T - When
you perform now, at clubs or something like Phantompalooza, has there
been enough time passed to where you now kind of hear your work back,
with maybe, I don't know, ambiguity? Are you ever surprised like
"Wow, I wrote that!"
PW - Well I had never done Phantompalooza before, it was just such an amazing experience, and I's so grateful to the people of Winnipeg which have had such a great love affair with that movie. That was enlightening and fantastic. There were two cities that embraced Phantom Of The Paradise, that's Paris and Winnipeg, Manitoba. I don't know why, but the nice thing is through the years it has developed this cult following. One of these years we're going to do a great remake of it I think, and one of these days it's going to wind up on the stage as a big musical, which we've been talking about for years.
T - Please please, as a kid who needed those songs for day to day survival, I implore you or whoever, don't change that wonderful music!
PW - No no
no. We won't be changing the music, if anything I may write something
additional, but one of the elements no one wants to change is the
music. They absolutely want to use the original score.
T - Ok, Paul. Tell me a story. Take me back to the writing of "Old Souls" from the film, which may just be my favorite composition of yours ever.
My mother had passed away right before the making of Phantom, and I
got to thinking about our own mortality. I believe we all have many,
many lives. We go and we come back. So I wanted to write a song about
reincarnation, and eternal love. You know, "Our paths have
crossed and parted/This love affair was started long long ago/This
love survives the ages/In its story lives are pages/Fill them up/".
May ours turn slow". It's about reincarnation.
I just love how Jessica (Harper) sang it too. When we were casting, Brian and I were in New York listening to singers, it was funny it was almost like the audition scene in the film. I walked up behind this woman singing quietly to herself, and it sounded fabulous. Then she came in and sang for Brian and I, and started belting it out, and I said "Just sing it to yourself like you were outside", and she did, and it was really there. It was really something special. Jessica is a wonderful actress and singer.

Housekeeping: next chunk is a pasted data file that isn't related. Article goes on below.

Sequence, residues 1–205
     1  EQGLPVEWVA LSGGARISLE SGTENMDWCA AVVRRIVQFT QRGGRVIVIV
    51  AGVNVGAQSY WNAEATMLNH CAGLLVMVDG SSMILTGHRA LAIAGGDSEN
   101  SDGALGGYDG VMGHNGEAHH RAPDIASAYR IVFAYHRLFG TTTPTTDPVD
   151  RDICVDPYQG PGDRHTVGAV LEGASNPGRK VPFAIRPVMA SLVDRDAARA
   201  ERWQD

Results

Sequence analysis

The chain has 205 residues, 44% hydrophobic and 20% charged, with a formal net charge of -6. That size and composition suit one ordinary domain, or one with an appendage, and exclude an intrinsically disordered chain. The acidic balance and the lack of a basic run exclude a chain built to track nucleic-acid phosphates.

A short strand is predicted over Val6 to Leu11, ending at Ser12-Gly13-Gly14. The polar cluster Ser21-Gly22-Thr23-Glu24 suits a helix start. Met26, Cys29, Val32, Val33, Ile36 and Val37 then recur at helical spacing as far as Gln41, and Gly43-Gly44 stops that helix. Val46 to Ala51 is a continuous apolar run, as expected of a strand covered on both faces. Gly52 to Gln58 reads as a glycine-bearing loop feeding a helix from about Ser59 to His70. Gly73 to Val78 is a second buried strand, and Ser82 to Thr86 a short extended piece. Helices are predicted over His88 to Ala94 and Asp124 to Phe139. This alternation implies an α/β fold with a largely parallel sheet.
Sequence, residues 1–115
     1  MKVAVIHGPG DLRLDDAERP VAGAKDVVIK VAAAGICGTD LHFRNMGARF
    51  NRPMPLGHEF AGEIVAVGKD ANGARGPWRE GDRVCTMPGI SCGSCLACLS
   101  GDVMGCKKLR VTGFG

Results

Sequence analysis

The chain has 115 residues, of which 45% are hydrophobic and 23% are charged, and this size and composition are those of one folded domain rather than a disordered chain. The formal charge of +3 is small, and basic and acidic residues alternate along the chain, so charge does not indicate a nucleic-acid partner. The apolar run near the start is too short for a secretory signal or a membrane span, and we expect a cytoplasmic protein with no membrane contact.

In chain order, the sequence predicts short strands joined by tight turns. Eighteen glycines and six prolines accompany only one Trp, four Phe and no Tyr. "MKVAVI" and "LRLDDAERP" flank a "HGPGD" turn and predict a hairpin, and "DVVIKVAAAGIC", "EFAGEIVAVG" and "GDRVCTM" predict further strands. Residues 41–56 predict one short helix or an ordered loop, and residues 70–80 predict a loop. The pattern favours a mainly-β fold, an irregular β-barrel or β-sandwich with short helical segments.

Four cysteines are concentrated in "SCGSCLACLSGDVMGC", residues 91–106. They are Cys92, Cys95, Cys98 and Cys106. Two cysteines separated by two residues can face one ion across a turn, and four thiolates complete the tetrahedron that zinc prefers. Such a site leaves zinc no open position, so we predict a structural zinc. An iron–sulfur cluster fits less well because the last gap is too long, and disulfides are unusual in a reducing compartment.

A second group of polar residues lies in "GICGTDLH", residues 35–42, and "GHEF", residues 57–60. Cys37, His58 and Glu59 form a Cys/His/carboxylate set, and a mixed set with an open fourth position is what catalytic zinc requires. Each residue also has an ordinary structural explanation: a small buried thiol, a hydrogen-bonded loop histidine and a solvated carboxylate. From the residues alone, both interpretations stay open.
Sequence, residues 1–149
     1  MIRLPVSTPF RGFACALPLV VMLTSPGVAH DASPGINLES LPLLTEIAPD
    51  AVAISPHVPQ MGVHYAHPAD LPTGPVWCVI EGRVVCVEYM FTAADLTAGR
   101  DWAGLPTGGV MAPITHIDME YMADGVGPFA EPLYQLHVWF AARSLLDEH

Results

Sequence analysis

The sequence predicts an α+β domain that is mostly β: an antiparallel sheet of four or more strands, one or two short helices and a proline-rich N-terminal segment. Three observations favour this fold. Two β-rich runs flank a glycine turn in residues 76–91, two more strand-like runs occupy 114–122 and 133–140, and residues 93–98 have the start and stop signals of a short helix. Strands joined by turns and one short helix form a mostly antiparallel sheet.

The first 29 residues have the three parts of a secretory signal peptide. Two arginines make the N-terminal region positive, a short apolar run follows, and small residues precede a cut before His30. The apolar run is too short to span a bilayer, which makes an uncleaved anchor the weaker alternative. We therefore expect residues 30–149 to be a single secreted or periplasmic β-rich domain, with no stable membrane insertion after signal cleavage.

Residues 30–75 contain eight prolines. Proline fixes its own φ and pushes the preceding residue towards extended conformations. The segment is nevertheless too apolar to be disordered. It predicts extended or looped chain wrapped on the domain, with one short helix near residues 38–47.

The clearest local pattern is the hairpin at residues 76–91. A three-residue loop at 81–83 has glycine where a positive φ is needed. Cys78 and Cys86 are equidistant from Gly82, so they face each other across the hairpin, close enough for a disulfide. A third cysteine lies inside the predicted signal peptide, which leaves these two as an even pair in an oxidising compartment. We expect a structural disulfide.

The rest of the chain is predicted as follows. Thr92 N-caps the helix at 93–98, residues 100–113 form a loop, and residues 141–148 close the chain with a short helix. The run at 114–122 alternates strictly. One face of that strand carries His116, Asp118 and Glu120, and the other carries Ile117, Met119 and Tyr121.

T - She
sure is. I have to say, the key change in that song, when it becomes hopeful and moves up the scale, is just a masterstroke. Now, I'm
going to rattle of some names and then ask you an impossible
PW - Uh oh. (laughs)
T - Streisand.
Elvis. Sinatra. Bowie. Ella Fitzgerald. Kermit The Frog. Ray Charles.
The Carpenters. This doesn't really cover the list, but that roster
gives our readers a general idea of who you have composed music for.
Do you have a personal favorite among that incredible list, or
anything close to one?
PW - Of course all of those recordings are dear to me. The fortunate thing for me was my career was peaking at a time when these great iconic singers were in their third stage. I caught the Mel Torme's, and the Sinatra's and Elvis, and my gosh even Bing Crosby. These people were all still around and still recording. I was on Bobby Darrin's last recording session. When he did "Won't Last A Day Without You", and that was very special for me. But you kow, I have an extra special place in my heart for Jim Henson, and the work I did for The Muppets, and I think probably "The Rainbow Connection" is my favorite, or one of my favorites. I'm also very proud of the song called "Love Dance" I wrote with Ivan Lins, it's been recorded a bunch by jazz artists, recently Streisand actually. A song called "With One More Look At You", it's the last song in the movie I wrote with Kenny Asher. But yeah, you look at the number of artists who have recorded "The Rainbow Connection" like Sarah McLaughlin, Me First And The Gimme Gimme's, Willie Nelson, and others. That little song has had an amazing life, and anything I did with Jim Henson was just super special. A very loving experience.
T - So
let me ask you in closing, after having the life you've had, with all
it's ups and down's, what makes you smile when you wake up and when
you go to bed at night these days?
PW - First of all. I love my gig at ASCAP, fighting the good fight to try to keep our 450,000 members taken care of. I have a great relationship with my kids, and I have a golf swing that will make you pint and laugh, but it gives me a lot of pleasure!
T - I've seen the film. I have to agree with you about the golf swing. (laughs)
PW - (laughs) Well you know, of course Stephen left in all the shots of me shanking! But I still love him.
Paul Williams Still Alive starts tonight, June 8, at the Angelika in NYC. Tonight and tomorrow both Paul Williams and director Stephen Kessler will be in attandence and doing a Q and A following the 8pm screenings.
out the two exclusive clips below, and go HERE for tickets and more
information. Be sure to catch this intimate and ultimately winning
piece of work on a screen near you as it rolls out into other